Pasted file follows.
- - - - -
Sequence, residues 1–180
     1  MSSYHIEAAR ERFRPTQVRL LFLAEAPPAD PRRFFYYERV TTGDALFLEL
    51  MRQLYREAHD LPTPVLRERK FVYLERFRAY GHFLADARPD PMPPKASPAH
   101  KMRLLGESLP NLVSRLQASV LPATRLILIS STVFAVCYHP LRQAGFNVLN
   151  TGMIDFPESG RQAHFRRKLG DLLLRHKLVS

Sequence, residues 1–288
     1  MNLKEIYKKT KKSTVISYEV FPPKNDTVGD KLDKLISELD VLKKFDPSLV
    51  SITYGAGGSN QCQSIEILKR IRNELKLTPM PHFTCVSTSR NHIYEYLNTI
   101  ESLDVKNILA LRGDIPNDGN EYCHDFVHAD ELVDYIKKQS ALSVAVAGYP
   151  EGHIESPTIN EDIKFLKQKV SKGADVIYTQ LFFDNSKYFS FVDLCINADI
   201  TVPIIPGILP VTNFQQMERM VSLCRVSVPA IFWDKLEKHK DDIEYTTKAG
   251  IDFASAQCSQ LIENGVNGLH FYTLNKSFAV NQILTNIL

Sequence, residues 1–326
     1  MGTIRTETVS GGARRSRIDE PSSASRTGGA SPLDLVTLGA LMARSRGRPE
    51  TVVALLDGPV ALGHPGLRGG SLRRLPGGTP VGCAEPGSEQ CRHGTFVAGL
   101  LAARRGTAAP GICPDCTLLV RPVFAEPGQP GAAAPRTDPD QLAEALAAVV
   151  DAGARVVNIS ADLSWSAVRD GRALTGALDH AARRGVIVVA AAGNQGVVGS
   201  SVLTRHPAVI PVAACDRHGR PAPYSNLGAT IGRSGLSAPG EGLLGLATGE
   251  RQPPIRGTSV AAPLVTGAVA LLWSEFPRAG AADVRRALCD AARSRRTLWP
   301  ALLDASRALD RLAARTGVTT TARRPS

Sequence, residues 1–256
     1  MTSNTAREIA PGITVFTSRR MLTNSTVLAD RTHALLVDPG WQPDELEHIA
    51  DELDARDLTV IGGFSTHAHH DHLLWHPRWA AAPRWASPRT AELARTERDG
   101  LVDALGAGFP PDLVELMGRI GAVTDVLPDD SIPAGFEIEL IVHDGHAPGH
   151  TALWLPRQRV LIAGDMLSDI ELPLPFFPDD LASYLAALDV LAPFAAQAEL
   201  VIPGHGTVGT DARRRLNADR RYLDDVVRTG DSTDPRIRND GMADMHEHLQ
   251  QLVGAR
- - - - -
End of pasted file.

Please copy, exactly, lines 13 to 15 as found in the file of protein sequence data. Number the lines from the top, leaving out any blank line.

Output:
Sequence, residues 1–326
     1  MGTIRTETVS GGARRSRIDE PSSASRTGGA SPLDLVTLGA LMARSRGRPE
    51  TVVALLDGPV ALGHPGLRGG SLRRLPGGTP VGCAEPGSEQ CRHGTFVAGL